Multiple specialists in the Netherlands upgrade factory truck chassis, like adding an axle and/or doing a rear tandem conversion. The whole idea is to increase the truck’s payload capacity without affecting the maneuverability. The Dutch legislation allows higher axle loads, thus higher gross vehicle weights, than most other European countries. Factory chassis simply do not meet all our demands, so here’s where the specialists come in.
One of them is Veldhuizen, the company converted the factory DAF chassis I caught at an interesting April 2018 truck show. The starting point was a DAF CF 460 FAX, that’s an 8×2 truck chassis with a steering tag axle. The result after the Veldhuizen job is an additional 4,500 kg (9,921 lbs) GVM rating.
Here’s where the most magic happened. The fourth axle was moved backwards, increasing the axle spacing by 41 cm (16”). Its air suspension was also upgraded. And now we have 2 separate axles instead of a tandem, or in numbers: from 11.5 + 7.5 metric tons axle load to 11.5 + 10 metric tons axle load.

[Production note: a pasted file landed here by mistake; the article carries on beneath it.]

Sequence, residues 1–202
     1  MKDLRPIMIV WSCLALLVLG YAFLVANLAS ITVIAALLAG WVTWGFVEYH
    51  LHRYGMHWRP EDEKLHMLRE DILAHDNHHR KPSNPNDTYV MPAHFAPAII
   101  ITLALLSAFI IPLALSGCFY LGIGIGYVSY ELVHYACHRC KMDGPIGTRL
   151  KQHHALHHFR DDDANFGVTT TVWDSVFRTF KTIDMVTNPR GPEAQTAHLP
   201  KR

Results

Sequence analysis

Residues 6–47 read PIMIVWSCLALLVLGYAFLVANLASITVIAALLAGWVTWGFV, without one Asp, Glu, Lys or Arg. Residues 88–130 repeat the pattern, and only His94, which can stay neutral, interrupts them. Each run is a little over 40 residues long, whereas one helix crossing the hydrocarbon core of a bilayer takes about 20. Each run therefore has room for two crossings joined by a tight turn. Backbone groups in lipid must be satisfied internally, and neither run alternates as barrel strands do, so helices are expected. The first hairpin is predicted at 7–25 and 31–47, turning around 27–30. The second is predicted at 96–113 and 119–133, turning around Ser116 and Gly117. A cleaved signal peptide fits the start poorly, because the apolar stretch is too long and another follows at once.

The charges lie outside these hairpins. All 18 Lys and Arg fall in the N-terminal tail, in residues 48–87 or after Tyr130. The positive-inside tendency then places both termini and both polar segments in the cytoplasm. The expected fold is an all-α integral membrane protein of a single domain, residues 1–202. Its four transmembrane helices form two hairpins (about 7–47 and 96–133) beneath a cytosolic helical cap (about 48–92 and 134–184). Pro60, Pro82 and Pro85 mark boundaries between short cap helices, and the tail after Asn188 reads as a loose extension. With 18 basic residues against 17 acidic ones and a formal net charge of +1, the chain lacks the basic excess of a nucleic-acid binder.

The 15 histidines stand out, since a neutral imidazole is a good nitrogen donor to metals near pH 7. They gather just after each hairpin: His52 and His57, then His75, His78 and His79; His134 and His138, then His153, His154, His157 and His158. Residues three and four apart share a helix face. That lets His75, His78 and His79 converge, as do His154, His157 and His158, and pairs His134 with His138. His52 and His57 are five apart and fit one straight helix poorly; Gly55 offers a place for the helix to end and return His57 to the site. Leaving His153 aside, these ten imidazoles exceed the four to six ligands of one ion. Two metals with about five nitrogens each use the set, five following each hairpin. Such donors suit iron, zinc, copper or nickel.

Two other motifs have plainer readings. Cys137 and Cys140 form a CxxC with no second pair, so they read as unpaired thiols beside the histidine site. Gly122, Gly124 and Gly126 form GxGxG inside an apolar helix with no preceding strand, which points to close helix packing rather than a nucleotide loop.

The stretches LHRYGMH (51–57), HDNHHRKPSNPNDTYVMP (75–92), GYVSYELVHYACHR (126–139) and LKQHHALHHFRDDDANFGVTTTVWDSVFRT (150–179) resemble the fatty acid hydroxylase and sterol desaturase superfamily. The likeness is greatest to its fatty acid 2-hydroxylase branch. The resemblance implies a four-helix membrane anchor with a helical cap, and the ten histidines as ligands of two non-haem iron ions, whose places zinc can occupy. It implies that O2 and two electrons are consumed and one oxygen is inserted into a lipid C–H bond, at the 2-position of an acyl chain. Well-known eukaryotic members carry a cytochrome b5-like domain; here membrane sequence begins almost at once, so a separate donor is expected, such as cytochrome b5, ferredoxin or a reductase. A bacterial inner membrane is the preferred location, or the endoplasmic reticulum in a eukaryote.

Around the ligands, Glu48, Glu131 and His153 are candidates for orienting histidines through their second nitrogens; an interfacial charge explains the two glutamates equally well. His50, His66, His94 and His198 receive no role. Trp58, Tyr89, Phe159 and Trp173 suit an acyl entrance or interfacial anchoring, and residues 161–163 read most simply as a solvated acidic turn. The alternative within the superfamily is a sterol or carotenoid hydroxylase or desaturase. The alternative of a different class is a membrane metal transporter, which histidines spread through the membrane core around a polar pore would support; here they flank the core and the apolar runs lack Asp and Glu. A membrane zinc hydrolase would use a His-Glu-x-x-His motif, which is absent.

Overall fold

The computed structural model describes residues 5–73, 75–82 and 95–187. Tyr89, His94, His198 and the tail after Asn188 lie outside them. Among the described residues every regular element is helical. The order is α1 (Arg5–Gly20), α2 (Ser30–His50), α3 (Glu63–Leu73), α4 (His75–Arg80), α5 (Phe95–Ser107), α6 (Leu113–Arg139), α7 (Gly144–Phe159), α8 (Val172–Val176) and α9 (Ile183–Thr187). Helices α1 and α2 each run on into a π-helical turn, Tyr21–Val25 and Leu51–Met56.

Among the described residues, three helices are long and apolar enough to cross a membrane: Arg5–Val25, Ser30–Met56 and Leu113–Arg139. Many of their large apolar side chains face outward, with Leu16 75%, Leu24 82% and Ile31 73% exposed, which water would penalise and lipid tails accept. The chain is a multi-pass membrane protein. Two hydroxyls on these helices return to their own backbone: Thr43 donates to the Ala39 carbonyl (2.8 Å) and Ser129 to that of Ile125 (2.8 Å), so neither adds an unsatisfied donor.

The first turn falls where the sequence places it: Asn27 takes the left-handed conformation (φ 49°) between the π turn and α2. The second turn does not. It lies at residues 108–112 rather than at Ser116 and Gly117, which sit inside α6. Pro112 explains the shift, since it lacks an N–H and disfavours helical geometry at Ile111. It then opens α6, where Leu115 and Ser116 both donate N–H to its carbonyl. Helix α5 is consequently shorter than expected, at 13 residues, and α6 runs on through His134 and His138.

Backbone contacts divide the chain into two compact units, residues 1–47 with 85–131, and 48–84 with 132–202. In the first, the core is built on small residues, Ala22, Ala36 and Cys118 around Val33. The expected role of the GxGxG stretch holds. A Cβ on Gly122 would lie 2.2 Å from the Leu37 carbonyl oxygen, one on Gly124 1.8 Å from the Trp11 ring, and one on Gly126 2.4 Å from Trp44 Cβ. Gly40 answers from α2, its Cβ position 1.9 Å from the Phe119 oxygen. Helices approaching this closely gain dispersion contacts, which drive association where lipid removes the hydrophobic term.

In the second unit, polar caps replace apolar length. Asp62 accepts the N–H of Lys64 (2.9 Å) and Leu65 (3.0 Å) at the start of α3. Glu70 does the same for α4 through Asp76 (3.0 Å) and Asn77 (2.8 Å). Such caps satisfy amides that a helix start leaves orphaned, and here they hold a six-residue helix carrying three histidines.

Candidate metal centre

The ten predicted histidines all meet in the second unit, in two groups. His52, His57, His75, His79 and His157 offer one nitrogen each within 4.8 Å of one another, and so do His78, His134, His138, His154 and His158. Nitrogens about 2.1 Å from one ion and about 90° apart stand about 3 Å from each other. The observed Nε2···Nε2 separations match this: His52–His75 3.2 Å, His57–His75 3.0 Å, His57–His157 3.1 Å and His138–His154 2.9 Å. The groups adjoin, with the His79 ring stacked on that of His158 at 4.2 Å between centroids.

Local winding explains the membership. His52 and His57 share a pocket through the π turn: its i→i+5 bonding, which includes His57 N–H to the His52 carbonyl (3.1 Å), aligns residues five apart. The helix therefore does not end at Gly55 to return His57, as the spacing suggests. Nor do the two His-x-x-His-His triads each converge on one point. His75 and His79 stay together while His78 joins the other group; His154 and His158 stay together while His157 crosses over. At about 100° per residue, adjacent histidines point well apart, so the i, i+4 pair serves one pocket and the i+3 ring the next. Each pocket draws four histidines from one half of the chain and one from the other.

The front steering axles were also beefed up to 10 metric tons axle load each, initially the rating was 9 metric tons. Only the drive axle has dual wheels, the 3 steering axles have super singles.
All in all, Verweij’s outstanding truck is now rated at a legal maximum GVM of 41,500 kg (91,492 lbs). I can assure you that’s a mighty weight for an on-highway straight truck with 4 axles.
What’s also mighty is the HMF 8520 crane for (un)loading the heavy generators the truck usually hauls. Basically the big crane is a permanent load, supported by the front steering axles.
The HMF is a 85 tonmeter crane, which means it can lift 17 metric tons at a distance of 5 meters (measured from the crane’s base). Or, as another example, 10 metric tons at a distance of 8.5 meters. All rule of thumb, as the lift capacity doesn’t decrease linearly. Better consult the manufacturer’s specifications when deadlifting.